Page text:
5. Ha. I already spent $12.00 (+ S&H) on 20 rootstock tomato seeds from Territorial, and read (and watched) all I could to learn how to do it ourselves. I still have to shell out for whatever the stuff I'll need to conduct the graft, not to mentioned jerry-rigging something for the “healing” process. We (MG's) have a plan here at the Franklin County Extension Office, to compare the ungrafted version with the grafted version on 4, or 5 varieties (depending on our success rate with the grafting).

    Thanks for the link to the USA article. Missed that.

  6. I wandered onto YouTube and searched “grafting tomato plants” and found several interesting videos. Ohio Agricultural Research & Development Center (Tomato Lab) has a 5-minute how-to with the basics with more than 71,000 visits. Johnny's Seeds has a 20-minute program using quite a different grafting method but with lots of practical hints. Maybe $8.00 a plant isn't too outrageous a price if you don't have a greenhouse, a high-humidity healing chamber, and other tools of the trade. Happy surfing if you want to do-it-yourself!

  7. Bob, I am growing Rutgers from seed along with a few others. Perhaps we could compare growth and yield throughout the season for seed grown Rutgers vs. grafted Rutgers? Are you growing determinate or indeterminate?

  8. Yes, that would be great, Brian. I don't have seed for Rutgers, so you can grow some from seed and we can compare results, natural v. grafted. Burpee has cut back on some tomato descriptions in recent years, so on the Buree website the grafted Rugers doesn't indicate “indeterminate” or “determinate.” It does say 36-40 inches, so I will assume we're talking “determinate.” Of course, that could mean the promised superabundance of fruit will each be 36-40 inches in circumferance–or maybe diameter? But, back to reality, yes, let's compare!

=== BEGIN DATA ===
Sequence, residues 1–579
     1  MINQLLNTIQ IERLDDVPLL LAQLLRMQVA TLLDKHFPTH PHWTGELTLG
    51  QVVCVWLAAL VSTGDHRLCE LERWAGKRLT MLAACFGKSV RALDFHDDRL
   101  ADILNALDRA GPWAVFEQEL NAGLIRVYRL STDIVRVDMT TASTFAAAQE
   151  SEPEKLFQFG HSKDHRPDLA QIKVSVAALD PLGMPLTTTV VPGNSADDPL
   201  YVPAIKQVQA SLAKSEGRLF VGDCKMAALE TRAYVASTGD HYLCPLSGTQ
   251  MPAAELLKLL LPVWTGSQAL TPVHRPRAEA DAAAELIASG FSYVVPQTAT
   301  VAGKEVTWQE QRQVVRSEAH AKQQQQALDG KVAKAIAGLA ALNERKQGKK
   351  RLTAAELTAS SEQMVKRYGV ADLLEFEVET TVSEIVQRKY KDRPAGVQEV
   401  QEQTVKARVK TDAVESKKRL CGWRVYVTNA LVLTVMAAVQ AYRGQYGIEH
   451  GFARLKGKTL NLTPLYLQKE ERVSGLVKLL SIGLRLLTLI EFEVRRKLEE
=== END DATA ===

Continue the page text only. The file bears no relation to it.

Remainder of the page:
9. That is so interesting…I've seen grafted tomatoes on some blogs and didn't quite understand what it was. So like apples, could you have one plant that grows different varieties of tomatoes? That would be really interesting.

  10. I've not seen a double or triple graft offered but I think in theory it could work. Some patient tomato freak (like me) will be tempted to try multiple grafts. Just think of the city gardener, on the 24th floor with sunny balcony, with one container with one grafted tomato plant yielding: brandywine, yellow plum, San Marzano, and Sungold! Possible? Science fiction? I'll not hold my breath, but…I smile!

  11. I smile because I can justify that cost in so many ways. Sometimes we just need to try something different in the garden 🙂 I hope the grafted plants produce a large amount for you!

  12. Charm, I've seen double grafts offered in previous years, but haven't come across any this year. Anyone seen any online?

    I could see up to 4 being grafted onto one plant, especially if they were trellised in an espalier style. Beyond 4 would be tough logistically I think.


  13. Rutgers Project Update…

    Bob, I started my Rutgers from seed on 4/3/13 in a 32 cell flat. I used Miracle Gro seed starting mix. I had a 94% (31/32) germination rate. The seedlings are now around 2″ tall and have their first set of true leaves. Everything is looking good for my 5/15 transplant date.